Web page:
Positive Youth Justice: Children First, Offenders Second - Public Lecture: Thursday 27 September 2018
Keynote address - Positive Youth justice: Children First, Offenders Second
Irish youth justice policy and practice has made major strides over the past 15 years. Legislative and policy reform and substantial investment have created a youth justice system that is largely progressively and in line with international human rights standards and accepted principles of good practice. The imminent expiry of the Youth Justice Action Plan 2014-2018 suggests that it is timely to consider the priorities of the next national policy in this area.
Professor of Criminology at Loughborough University, Stephen Case will provide a keynote address on his research on the ‘Positive Youth Justice’ framework, how it was developed and how it is being used to advocate youth justice reform in England and Wales.
The Children First, Offenders Second (CFOS) model evolves contemporary youth justice beyond its contemporary risk focus and promotes a principled, progressive and practical approach to the treatment of children in the Youth Justice System. The measurement, assessment and amelioration of the risk children present to themselves and others underpins and drives contemporary youth justice processes in the UK and internationally. However, the utility of the risk paradigm has been over-stated, it is insufficient in its evidence-base and it is incapable of sustaining the faith placed in it as the guiding principle for animating youth justice practice. Nevertheless, there is at present no consensus about what approach to youth justice should or can replace risk as the driver of policy and practice.
The paper outlines the CFOS model – a modern, economic-normative paradigm founded on central guiding principles for positive youth justice practice – child-friendly and child-appropriate rights-focused treatment, diversion, inclusionary prevention, participation and engagement, legitimacy, the promotion of positive behaviour and outcomes, evidence-based partnership, systems management and the responsibilisation of adults. Therefore, CFOS constitutes a blueprint for a distinctive, principled, progressive approach to working with children; one that can be adopted and adapted by local authority areas throughout England and Wales, and by other nation states across the UK, Europe and beyond. The evolution, trajectory and practical realisation of a CFOS in Wales will be discussed and animated with evidence from a twenty-year programme of associated reflective research.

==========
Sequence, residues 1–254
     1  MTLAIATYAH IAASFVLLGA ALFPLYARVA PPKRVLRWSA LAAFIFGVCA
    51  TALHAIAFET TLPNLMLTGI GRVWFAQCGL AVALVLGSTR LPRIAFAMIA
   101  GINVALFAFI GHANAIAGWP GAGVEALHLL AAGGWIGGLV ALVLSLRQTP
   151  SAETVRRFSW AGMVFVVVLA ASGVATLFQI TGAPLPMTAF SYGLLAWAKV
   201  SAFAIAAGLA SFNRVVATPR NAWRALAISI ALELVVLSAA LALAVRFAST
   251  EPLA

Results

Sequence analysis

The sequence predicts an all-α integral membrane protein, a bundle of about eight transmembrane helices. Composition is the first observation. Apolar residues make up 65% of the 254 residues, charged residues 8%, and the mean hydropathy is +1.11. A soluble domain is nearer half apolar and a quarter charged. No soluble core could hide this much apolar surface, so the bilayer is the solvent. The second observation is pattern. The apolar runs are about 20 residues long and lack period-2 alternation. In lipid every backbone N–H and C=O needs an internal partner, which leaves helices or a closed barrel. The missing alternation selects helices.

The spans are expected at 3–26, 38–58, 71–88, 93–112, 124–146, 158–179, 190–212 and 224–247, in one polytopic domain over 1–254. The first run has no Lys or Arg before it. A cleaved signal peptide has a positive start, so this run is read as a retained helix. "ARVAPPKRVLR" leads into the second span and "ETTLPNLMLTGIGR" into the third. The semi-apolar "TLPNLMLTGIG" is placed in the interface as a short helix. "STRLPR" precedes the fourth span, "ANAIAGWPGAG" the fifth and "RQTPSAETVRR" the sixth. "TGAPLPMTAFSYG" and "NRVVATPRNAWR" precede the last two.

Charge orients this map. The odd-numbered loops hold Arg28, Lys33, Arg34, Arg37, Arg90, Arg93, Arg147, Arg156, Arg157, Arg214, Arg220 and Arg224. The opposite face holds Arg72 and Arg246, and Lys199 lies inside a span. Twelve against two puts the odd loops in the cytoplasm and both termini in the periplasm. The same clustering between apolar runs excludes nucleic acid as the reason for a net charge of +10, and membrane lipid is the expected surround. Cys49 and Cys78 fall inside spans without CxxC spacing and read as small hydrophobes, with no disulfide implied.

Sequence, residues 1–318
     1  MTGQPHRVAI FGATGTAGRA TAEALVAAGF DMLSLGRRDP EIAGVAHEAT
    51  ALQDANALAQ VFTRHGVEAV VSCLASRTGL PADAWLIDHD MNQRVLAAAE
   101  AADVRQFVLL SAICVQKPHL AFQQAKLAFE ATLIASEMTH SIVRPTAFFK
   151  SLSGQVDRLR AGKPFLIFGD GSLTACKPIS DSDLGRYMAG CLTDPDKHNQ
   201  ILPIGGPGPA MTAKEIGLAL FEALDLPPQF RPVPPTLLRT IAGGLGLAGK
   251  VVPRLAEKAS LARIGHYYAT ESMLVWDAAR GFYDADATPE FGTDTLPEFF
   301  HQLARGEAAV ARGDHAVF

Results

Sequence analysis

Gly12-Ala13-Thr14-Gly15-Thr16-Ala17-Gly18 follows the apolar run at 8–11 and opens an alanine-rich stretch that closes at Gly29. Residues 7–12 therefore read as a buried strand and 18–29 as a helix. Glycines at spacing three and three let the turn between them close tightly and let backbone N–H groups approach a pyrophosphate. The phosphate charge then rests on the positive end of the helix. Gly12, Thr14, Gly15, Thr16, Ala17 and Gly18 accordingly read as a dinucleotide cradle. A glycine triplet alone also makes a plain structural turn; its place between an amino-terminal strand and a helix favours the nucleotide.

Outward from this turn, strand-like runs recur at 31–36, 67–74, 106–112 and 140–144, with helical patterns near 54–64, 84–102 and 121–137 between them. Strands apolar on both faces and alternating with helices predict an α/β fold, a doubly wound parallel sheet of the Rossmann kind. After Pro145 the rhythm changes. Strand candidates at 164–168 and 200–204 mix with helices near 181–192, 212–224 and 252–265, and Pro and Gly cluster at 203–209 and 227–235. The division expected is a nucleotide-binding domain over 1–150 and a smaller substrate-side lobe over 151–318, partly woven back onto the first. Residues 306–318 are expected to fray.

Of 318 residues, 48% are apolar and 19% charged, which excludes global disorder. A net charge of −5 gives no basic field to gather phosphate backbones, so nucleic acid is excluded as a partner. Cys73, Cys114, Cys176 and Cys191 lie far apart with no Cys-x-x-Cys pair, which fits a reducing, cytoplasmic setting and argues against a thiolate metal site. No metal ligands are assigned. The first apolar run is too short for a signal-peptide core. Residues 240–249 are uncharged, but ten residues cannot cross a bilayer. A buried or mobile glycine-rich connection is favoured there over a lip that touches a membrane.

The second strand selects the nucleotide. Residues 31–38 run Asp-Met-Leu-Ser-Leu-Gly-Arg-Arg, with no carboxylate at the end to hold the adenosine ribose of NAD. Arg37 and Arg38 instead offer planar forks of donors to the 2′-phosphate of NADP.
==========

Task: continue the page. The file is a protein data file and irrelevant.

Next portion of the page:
Stephen Case’s primary research interests are youth justice, youth crime prevention, children’s rights and social justice, particularly the promotion of positive, children first ways of working with children embroiled in the Youth Justice System. He has conducted associated research for the ESRC, Home Office, Youth Justice Board, Welsh Government and the Leverhulme Trust. He has published widely on the topic of positive youth justice, most notably in Youth Justice Journal (cf. Case and Haines 2018), has co-authored the book ‘Positive Youth Justice: Children First, Offenders Second’ (Haines and Case 2015) and has most recently published ‘Youth Justice: A Critical Introduction’ (Case 2018). He is also a Director of the Standing Committee for Youth Justice and sits on the steering group of the Association of Panel Members.
|Hosted by||Campus Location||Accessibility||Room||Event Type||Type of Event||Audience||Cost||Contact Email|
|Dr Mary Rogan and the Law School Crime and Punishment Research Group||Arts Building, Trinity College Dublin||Yes||Room 2041B, Ui Chadhain Theatre,||Conferences, Courses, Lectures and Seminars, Public, Workshops and Training||One-time event||Postgrad, Alumni, Faculty & Staff, Public||Free admission but registration is required. Please register email@example.com|